June 19, 2009
By Maggie Fox, Health and Science Editor, Reuters
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WASHINGTON (Reuters) – Older women can benefit just as much as younger women from Merck’s Gardasil vaccine against cervical cancer, researchers in Colombia reported on Monday.
They found that women ages 24 to 45 who had no history of cancer-causing genital warts or cervical disease were much less likely to become infected with the wart virus if they got the vaccine than women who got placebo jabs.
The study, published in the Lancet medical journal, points to a potentially lucrative new market for the vaccine against the human papilloma virus or HPV.
Merck, which paid for the Colombian study, has also shown that Gardasil is 90 percent effective in preventing sexually transmitted warts in men.
GlaxoSmithKline’s rival vaccine Cervarix protects against two HPV strains and is used in Europe.
Dr. Nubia Munoz of the National Institute of Cancer in Bogota and colleagues tested 1,900 women who got the recommended series of three Gardasil shots and 1,900 who got sham injections.
After two years, four women who got the vaccine developed an HPV infection or cervical disease, compared to 41 in the placebo group, they wrote — which translates to an efficacy of more than 90 percent.
HPV is the most common sexually transmitted disease in the world. About 20 million Americans are infected with it, according to the U.S. Centers for Disease Control and Prevention.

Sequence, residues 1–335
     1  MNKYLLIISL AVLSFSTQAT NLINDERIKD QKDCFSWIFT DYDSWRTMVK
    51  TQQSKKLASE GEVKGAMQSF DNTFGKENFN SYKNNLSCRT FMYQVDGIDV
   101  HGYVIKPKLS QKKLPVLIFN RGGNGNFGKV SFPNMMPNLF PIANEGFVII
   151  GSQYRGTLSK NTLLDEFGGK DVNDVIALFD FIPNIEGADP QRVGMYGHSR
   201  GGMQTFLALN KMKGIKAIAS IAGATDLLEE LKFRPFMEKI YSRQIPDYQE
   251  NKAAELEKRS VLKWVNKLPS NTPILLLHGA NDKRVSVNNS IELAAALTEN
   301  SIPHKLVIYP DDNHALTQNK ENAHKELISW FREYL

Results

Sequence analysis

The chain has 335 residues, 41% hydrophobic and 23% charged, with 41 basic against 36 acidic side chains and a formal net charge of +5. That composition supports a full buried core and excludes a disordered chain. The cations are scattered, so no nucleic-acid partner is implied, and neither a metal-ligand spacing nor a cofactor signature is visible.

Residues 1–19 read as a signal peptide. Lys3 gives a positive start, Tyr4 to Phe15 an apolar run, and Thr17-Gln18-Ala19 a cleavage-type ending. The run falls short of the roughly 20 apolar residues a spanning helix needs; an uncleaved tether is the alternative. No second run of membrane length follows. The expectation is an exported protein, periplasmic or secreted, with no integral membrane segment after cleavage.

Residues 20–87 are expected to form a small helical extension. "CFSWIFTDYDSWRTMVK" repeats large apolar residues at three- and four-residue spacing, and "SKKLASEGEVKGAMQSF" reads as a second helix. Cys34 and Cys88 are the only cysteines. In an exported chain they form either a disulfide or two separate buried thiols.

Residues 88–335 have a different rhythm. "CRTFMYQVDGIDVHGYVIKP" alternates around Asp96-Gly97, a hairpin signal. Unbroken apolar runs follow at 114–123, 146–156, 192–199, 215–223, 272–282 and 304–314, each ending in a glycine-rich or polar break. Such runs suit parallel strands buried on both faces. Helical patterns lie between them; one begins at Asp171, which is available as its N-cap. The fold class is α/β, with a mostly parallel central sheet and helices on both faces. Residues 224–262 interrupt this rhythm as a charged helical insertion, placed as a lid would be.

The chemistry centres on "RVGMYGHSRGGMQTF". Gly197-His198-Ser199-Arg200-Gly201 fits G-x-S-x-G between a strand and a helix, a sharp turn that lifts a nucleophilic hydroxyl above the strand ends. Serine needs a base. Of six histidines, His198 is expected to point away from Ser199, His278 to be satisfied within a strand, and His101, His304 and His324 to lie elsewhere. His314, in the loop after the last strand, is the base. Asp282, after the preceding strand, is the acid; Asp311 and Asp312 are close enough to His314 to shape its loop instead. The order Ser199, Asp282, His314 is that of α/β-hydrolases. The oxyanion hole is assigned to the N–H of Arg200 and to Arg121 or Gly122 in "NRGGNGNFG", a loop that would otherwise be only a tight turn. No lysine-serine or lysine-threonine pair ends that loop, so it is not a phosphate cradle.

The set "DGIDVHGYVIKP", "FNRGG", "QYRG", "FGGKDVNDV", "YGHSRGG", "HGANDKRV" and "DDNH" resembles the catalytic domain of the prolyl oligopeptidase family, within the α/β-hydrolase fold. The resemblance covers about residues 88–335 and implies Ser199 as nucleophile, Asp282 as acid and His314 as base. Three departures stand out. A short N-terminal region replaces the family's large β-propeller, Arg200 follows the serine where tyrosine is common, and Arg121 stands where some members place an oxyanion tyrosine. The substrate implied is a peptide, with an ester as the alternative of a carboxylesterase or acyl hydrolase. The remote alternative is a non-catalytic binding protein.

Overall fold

It is the main cause of cervical cancer, which kills 3,870 women a year in the United States and 300,000 globally.
It can also cause other types of cancer, including anal and penis cancer, as well as mouth and neck cancer. The CDC estimates that HPV caused 25,000 cases of cancer a year in the United States between 1998 and 2003.
Gardasil is designed to protect against HPV types 16 and 18, which are known to cause about 70 percent of all cases of cervical cancer. It also is designed to protect against HPV strains 6 and 11, which cause genital warts.
Gardasil is approved in the United States for use in girls and women ages 9 to 26, but Merck is seeking to expand its use to older women. The vaccine does not protect anyone who has already been infected with one of the strains of HPV.
Vaccinating women over age 26 has not been approved by the U.S. Food and Drug Administration and is not included in U.S. CDC guidelines.